.NET Framework setup verification tool, cleanup tool and detection sample code now support .NET Framework 4.7.1

I have posted updated versions of the .NET Framework setup verification tool, the .NET Framework cleanup tool, and the sample code to detect .NET Framework install states that support detecting, verifying, and cleaning up the .NET Framework 4.7.1. You can find more information about how to download and use these tools at the following locations:

As always, if you run into any issues or have any feedback about these tools or samples, please let me know by posting a comment on one of my blog posts.

Comments (8)
  1. Judy - Phoenix says:


    1. Hi Judy – Phoenix – What exactly are you doing when you see this access denied error?

      If it is happening during .NET Framework setup, then can you please use the tool described at http://blogs.msdn.com/astebner/archive/2007/11/21/6458047.aspx to collect all of your setup log files, upload the file named %temp%\vslogs.zip that this tool will create to a file server (such as http://onedrive.live.com), and then reply back here and provide a link that I can use to download your log files and take a closer look?

  2. برامج نت says:

    thank you for NET Framework 4.7.1

  3. D.Ecke says:

    hi Aarron,
    thank you very much for the update
    However, you are still pointing to the .Net Framework Repair tool when it comes to fixing found issues. That Repair tool was not updated since 2016, can only handle .Net up to 4.6.1 and is not compatible to Windows 10 (according to System info on download site)
    Any chance you can clarify what to do on Windows 10?

    1. Hi D.Ecke – The .NET Framework repair tool is only designed to work for versions of the .NET Framework that are installed via redistributable MSIs, not ones that are installed as OS components. I’m not sure why that tool hasn’t been updated since the .NET Framework 4.6.1 shipped though.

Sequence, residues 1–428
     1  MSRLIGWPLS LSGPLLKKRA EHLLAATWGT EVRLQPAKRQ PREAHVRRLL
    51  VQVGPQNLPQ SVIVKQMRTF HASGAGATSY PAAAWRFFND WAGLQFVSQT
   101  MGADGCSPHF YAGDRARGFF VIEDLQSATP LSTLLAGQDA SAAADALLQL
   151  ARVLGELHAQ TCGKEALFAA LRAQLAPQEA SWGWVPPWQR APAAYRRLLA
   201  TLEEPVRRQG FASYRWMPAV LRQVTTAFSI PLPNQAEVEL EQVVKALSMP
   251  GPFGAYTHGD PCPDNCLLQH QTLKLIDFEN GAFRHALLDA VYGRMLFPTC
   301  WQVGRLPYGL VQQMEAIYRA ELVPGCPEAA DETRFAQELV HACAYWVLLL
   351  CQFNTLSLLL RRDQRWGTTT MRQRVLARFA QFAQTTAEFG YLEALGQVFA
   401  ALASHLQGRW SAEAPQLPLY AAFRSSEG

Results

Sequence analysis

The answer about what to do on Windows 10 depends on what kind of problem you’re seeing. Can you describe the .NET Framework issue you’re seeing in more detail (what exactly you’re trying to do, what error text you see, etc), and I’ll see if I can help further from there?

      1. D.Ecke says:

        Sure can do, thanks for the fast answer! First of all: I’m a client admin / supporter, and one of the things we try to do is write up work instructions for error cases. When it comes to .Net errors that we do not find an “easy” fix for, we would like to be able to tell agents how to try and repair .Net as in reset it, hoping it might reverse any misconfiguration to the defaults, replace wrong or missing files etc.
        — In my current case we have the issue that on some clients PowerShell ISE is showing a .Net error when being closed. The error message is “unknown software exception occured (0xc000000d)” with title “.NET-BroadcastEventWindow. powershell_ise.exe” on a Windows 10 1607 with installed .Net 4.7. As we do not have a proper .Net coder in our support team, we always struggle with stuff like that :). In addition in that case the user requires some application that does not (yet) work with .Net 4.7.1, so we cannot install that on top.

        1. Hi D.Ecke – There isn’t really a way to “reset” the .NET Framework when it is installed as a part of Windows, similar to how there isn’t really a way to “reset” other Windows components. You can use steps like the ones at http://blogs.msdn.com/astebner/archive/2007/03/26/how-to-repair-the-net-framework-2-0-and-3-0-on-windows-vista.aspx to repair the files that are a part of your OS.

          The PowerShell ISE error that you describe sounds like an issue with the application itself as opposed to an issue with the .NET Framework. There might be more useful error information and/or a callstack from the crash in the Application event log on that PC.

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